Proxima Centauri B is the closest exoplanet to Earth. It is an Earth-mass world right in the habitable zone of a red dwarf star just 4 light-years from Earth. It receives about 65% of the energy Earth gets from the Sun, and depending on its evolutionary history could have oceans of water and an atmosphere rich with oxygen. Our closest neighbor could harbor life, or it could be a dry rock, but is an excellent target in the search for alien life. There’s just one catch. Our usual methods for detecting biosignatures won’t work with Proxima Centauri B.
Most exoplanets are discovered through the transit method, where a planet regularly passes in front of its star from our point of view. We see the recurring dip in a star’s brightness, and we know the planet is there. For transiting exoplanets, we can look for changes in the spectrum of the star as the planet transits. Some of the starlight passes through an exoplanet’s atmosphere, and some wavelengths get absorbed by the atmosphere. By looking at the pattern of absorption, we can fingerprint different molecules. This is how we’ve detected the presence of water, carbon dioxide, and other molecules in exoplanet atmospheres.
But Proxima Centauri B isn’t a transiting planet. It was discovered by a different method known as Doppler spectroscopy. When we look at the light from Proxima Centauri, we can see its spectrum redshift and blueshift slightly over time. The gravitational pull of Proxima Centauri B makes the star wobble slightly. So we know the exoplanet is there, and have a good idea of its size and mass, but since it doesn’t transit its star we can’t observe its atmospheric absorption spectrum.
But a new study argues there is another way we might find life, using the reflection of starlight off the planet’s atmosphere. In principle the idea is simple. Rather than looking for light passing directly through the atmosphere, look instead for light that has reflected off the planet directly. We’ve done this for planets such as Mars and the outer planets, which don’t transit the Sun, so we could do it for exoplanets as well.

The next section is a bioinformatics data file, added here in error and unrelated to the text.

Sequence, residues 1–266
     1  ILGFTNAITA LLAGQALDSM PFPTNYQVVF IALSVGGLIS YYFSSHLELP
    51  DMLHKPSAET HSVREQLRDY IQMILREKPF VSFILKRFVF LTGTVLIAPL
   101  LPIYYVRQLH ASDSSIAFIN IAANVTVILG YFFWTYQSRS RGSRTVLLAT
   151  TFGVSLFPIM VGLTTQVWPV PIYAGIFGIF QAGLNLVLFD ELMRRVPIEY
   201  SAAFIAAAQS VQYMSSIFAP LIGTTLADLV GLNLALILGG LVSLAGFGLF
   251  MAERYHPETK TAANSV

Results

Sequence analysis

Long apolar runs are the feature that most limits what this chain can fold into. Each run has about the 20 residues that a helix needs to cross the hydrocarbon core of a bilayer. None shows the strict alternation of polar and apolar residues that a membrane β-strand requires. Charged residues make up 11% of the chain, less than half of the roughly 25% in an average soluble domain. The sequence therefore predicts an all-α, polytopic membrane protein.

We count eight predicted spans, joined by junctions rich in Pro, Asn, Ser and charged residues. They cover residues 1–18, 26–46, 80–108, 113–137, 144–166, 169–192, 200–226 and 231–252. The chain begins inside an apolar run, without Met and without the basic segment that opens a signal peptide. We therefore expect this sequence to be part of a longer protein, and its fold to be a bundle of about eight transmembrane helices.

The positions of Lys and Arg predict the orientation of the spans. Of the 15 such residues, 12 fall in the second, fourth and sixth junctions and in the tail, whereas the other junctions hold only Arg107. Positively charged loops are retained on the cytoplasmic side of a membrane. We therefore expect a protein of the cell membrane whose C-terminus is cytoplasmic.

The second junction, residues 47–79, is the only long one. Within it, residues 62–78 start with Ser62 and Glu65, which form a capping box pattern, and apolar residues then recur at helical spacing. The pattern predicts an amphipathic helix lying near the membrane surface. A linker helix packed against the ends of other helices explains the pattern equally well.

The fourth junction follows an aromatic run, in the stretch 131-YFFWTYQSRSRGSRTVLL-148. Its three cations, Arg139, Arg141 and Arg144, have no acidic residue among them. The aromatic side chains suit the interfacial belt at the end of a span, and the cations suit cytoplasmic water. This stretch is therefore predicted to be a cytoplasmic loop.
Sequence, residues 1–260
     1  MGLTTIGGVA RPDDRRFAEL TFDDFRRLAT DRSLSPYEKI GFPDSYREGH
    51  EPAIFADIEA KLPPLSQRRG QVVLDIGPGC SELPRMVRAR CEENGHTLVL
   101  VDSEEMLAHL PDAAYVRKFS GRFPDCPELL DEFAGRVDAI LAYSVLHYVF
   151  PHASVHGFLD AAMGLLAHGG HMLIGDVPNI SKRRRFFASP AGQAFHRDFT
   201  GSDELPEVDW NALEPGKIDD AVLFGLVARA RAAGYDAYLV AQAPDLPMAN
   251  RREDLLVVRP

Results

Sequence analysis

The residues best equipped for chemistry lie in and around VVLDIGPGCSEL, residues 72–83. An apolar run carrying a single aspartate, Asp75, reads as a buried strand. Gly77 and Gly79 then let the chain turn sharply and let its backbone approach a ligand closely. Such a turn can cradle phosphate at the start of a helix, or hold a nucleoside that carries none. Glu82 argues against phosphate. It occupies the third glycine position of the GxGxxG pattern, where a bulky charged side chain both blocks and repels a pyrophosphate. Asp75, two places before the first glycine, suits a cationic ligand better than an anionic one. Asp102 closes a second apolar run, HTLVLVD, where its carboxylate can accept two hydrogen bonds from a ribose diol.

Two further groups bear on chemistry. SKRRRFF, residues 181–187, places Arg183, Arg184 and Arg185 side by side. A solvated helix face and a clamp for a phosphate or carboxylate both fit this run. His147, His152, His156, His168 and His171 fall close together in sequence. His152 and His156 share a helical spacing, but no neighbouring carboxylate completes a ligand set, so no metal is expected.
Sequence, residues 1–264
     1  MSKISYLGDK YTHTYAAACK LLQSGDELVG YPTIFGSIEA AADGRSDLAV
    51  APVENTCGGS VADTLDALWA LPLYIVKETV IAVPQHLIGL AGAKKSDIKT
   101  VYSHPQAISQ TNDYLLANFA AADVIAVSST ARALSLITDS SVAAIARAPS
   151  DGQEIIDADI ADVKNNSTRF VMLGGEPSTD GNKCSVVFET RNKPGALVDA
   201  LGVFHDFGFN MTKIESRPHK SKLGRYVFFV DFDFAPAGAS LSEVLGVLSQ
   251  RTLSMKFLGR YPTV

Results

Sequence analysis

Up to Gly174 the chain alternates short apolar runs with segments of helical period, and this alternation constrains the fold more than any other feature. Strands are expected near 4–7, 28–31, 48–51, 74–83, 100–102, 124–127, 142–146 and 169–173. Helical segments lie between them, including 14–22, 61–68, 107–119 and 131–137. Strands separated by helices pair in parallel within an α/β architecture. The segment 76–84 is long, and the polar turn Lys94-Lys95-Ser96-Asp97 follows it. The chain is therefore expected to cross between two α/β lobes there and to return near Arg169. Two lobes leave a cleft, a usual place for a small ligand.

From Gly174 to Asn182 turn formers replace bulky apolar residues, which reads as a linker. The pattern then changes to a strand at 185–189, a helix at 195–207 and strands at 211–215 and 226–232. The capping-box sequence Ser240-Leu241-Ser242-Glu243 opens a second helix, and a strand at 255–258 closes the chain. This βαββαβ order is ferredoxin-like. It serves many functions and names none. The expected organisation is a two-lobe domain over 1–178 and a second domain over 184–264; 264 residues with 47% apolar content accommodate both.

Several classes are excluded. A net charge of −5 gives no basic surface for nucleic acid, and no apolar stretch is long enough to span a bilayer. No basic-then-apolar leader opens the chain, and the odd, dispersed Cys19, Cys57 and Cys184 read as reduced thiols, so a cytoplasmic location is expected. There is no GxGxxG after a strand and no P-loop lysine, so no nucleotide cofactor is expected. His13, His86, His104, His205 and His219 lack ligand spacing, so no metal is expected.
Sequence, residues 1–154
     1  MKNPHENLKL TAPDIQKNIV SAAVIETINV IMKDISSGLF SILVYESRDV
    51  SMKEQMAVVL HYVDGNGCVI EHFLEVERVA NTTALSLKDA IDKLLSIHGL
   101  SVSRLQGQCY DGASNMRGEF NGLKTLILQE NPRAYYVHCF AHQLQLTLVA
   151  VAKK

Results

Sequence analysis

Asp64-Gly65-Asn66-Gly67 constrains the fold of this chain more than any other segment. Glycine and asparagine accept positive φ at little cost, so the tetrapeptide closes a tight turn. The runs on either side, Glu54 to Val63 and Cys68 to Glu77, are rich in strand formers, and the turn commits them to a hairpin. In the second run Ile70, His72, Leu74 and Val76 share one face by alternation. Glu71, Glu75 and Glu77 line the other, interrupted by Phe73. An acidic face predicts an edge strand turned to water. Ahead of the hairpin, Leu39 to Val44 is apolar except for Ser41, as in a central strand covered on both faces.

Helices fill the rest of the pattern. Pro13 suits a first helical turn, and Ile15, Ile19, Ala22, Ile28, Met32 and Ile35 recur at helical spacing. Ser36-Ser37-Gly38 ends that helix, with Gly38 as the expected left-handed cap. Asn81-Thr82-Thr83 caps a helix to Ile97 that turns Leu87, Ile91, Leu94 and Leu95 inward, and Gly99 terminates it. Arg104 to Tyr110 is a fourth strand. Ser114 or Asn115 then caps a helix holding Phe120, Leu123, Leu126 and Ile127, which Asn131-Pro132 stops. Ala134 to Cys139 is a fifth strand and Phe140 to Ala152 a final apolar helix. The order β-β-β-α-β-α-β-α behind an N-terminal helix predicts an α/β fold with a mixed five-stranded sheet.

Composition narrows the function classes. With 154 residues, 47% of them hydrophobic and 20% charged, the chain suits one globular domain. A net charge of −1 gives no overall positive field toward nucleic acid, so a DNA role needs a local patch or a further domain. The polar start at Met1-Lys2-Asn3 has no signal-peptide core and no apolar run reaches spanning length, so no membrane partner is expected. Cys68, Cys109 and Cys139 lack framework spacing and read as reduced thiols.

The problem is that reflected starlight from a planet is tiny compared to the radiance of the star itself. Detecting the reflected light of a planet is like capturing the light of a firefly flittering near the edge of a spotlight. So astronomers have used masks to block the central brilliance of a star and see its family of planets. We have done this to directly observe large gas planets orbiting stars, but not Earth-sized worlds.
In this work, the authors look at the potential for the Extremely Large Telescope (ELT), currently under construction in Northern Chile. Specifically, they consider the High Angular Resolution Monolithic Optical and Near-infrared Integral field spectrograph (HARMONI), which will be able to capture high-resolution spectra on the ELT. The team simulated observations of Proxima Centauri using the masking effect to capture the light of its exoplanet. Is it possible for HARMONI to capture enough high-resolution data to discover biogenic molecules?
They found that the answer is no. In its current proposed configuration, the mask configuration is too large and will block most of the light from the exoplanet. But they also found that the configuration could be modified in such a way that the atmosphere of Proxima Centauri B could be studied. It isn’t simply a matter of making the mask smaller, since that would allow more starlight to reach the ELT, which would wash out the exoplanet data. Instead, the team proposes making detailed simulations to optimize a design for Proxima Centauri B.
The modifications would be neither easy nor cheap, but they could be well worth it. As our closest exoplanet neighbor, Proxima Centauri B is on the short list of worlds we will first visit as we send probes beyond our solar system. If it does have life, that would put it at the top of the list.
Reference: Vaughan, Sophia R., et al. “Behind the Mask: can HARMONI@ ELT detect biosignatures in the reflected light of Proxima b?” arXiv preprint arXiv:2401.09589 (2024).